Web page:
Philomena Gori had a lot riding on her attendance at the 24th International AIDS Conference, which kicks off in the Canadian city of Montreal on Friday. The biennial event brings together thousands of scientists, politicians, activists and social workers from around the world to find solutions to the epidemic.
The 32-year-old, a social worker for people affected by AIDS in Cameroon, had taken time off from her current job and spent around $2,000 (€1,965) applying to the conference, securing accommodation and collecting the necessary documents for a visa.
Her hope was to gain vital connections and know-how in order to help her found a new HIV charity in her home country of Kenya.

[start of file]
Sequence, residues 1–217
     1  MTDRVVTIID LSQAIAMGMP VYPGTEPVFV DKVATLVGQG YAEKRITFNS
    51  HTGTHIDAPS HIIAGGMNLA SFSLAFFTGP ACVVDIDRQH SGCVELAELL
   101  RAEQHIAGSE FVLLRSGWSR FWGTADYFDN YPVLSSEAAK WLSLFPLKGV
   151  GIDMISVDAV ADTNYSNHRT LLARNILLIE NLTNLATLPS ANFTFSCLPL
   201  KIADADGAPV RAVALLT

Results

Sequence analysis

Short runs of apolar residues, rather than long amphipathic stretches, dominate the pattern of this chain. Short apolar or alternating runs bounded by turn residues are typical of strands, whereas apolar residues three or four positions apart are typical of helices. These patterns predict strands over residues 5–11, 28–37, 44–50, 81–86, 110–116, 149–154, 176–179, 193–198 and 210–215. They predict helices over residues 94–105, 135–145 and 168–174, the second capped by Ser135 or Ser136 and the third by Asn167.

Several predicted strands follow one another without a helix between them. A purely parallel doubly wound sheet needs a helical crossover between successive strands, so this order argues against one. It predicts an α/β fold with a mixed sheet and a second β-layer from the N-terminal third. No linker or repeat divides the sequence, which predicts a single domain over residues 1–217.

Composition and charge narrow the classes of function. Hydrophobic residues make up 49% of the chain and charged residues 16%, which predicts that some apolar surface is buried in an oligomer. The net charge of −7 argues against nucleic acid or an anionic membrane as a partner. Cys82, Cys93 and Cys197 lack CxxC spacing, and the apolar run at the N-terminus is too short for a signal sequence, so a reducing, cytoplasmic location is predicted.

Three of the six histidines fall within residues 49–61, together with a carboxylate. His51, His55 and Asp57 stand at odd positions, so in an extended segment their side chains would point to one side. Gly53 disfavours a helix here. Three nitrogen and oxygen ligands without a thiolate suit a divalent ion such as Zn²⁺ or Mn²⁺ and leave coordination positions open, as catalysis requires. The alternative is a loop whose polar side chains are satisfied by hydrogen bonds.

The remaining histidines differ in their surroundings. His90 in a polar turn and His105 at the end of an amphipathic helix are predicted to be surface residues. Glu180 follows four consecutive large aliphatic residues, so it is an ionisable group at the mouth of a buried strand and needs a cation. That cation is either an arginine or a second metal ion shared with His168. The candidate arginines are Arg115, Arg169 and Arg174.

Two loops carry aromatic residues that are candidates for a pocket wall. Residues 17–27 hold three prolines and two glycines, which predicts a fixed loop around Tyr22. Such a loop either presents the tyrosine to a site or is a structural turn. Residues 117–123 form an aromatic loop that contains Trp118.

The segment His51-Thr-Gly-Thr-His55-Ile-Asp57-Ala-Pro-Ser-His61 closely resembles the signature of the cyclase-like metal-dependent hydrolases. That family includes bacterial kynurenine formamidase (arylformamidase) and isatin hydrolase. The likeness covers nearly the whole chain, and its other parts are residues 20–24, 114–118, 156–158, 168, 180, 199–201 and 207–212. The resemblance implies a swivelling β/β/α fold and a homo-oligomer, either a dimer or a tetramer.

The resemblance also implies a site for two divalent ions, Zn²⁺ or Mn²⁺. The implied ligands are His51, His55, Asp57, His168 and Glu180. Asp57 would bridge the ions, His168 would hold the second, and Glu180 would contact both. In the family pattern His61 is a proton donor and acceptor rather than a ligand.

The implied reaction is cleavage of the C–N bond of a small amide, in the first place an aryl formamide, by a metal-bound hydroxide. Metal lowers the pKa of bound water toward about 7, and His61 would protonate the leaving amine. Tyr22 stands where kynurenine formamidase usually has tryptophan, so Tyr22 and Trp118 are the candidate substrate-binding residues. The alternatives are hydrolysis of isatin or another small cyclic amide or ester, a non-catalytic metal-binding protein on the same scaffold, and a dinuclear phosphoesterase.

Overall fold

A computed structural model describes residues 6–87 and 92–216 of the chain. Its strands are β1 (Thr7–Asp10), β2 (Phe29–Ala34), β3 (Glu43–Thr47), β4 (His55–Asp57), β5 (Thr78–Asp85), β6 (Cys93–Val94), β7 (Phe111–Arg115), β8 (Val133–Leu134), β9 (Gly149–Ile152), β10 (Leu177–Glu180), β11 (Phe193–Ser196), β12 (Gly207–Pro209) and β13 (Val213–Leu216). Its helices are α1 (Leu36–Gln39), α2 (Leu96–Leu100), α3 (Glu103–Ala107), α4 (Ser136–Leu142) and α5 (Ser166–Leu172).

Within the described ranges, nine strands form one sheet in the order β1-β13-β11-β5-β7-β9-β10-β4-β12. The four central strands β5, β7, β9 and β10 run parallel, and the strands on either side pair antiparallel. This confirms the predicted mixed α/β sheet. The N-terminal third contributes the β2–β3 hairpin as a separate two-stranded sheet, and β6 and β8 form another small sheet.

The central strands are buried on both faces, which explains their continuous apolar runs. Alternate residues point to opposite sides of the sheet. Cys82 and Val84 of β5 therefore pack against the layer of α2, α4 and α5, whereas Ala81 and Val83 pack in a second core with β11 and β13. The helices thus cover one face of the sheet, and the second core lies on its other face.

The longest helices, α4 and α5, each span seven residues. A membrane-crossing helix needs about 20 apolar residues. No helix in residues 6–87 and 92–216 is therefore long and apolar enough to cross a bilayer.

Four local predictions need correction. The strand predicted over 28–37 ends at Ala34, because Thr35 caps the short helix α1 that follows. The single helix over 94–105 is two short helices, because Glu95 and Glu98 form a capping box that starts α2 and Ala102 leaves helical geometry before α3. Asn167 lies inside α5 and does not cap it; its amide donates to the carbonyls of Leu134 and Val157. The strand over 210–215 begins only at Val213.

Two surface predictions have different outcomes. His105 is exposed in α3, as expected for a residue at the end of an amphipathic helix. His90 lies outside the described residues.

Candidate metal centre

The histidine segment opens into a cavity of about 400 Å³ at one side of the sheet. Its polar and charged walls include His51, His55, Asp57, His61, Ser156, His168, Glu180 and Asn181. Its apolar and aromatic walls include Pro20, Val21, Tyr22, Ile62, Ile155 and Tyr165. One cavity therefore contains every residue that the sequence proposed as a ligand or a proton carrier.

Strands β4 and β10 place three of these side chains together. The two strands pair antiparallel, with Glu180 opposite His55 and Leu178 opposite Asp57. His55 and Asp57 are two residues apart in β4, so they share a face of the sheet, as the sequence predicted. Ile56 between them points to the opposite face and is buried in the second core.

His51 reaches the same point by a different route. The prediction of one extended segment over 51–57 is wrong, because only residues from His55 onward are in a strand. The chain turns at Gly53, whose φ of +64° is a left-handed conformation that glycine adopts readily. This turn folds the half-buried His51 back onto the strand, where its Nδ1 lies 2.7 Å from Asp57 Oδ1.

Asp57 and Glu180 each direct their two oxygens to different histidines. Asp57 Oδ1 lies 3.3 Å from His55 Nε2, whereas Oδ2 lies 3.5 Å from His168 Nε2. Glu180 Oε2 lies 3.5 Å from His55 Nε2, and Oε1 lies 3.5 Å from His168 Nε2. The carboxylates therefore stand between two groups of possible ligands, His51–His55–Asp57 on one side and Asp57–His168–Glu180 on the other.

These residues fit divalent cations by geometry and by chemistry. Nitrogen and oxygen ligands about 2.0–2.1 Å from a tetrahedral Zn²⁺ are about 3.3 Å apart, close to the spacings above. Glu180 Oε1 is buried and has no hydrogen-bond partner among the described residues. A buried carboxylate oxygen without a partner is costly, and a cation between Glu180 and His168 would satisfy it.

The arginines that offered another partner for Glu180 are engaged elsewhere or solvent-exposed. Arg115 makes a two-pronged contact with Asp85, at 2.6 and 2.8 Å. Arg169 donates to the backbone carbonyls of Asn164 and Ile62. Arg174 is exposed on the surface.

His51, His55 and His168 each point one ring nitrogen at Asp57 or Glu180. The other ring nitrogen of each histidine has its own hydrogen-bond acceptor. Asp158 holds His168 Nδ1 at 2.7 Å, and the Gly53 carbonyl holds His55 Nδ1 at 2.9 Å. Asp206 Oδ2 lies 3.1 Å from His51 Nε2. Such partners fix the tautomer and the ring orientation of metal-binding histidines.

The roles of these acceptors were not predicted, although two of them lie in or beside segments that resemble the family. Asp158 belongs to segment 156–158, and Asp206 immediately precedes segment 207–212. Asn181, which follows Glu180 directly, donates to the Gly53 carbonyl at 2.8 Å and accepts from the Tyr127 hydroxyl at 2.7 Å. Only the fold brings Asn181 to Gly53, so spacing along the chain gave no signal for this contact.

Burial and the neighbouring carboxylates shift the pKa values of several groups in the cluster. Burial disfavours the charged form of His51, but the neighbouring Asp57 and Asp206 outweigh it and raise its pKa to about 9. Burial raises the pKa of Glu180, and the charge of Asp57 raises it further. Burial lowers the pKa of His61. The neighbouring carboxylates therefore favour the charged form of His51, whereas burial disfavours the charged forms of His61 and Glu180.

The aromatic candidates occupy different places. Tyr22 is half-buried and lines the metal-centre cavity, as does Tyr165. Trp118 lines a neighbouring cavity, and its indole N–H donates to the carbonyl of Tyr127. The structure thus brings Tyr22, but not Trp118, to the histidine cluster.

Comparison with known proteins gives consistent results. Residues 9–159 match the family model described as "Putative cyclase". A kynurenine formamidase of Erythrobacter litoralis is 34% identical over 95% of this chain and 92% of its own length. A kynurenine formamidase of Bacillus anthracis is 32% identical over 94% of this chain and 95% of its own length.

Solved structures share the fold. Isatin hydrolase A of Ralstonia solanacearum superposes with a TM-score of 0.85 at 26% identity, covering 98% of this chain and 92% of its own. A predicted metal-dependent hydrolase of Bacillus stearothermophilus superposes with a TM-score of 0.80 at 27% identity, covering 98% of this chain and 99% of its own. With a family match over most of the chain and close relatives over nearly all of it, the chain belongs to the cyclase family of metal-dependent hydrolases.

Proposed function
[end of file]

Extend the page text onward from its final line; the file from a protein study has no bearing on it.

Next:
But on July 22 — 88 days after she submitted her visa application — a rejection letter landed in her inbox. She was being denied entry, with no time to react.
“I am so disappointed, I am so angry right now,” she told DW in a video call. “I sacrificed a lot, I gave a lot of effort to attend and be able to give back to my community.
“In Africa, we are the ones being affected mostly by these diseases, and I was expecting them to give us more opportunities. I feel like it’s because we are coming from African countries.”
Canadian authorities under pressure
Gori is not the only one in this situation. Organizers fear that hundreds of other delegates from Africa, Asia and South America are still waiting for, or have already been denied, visitor visas.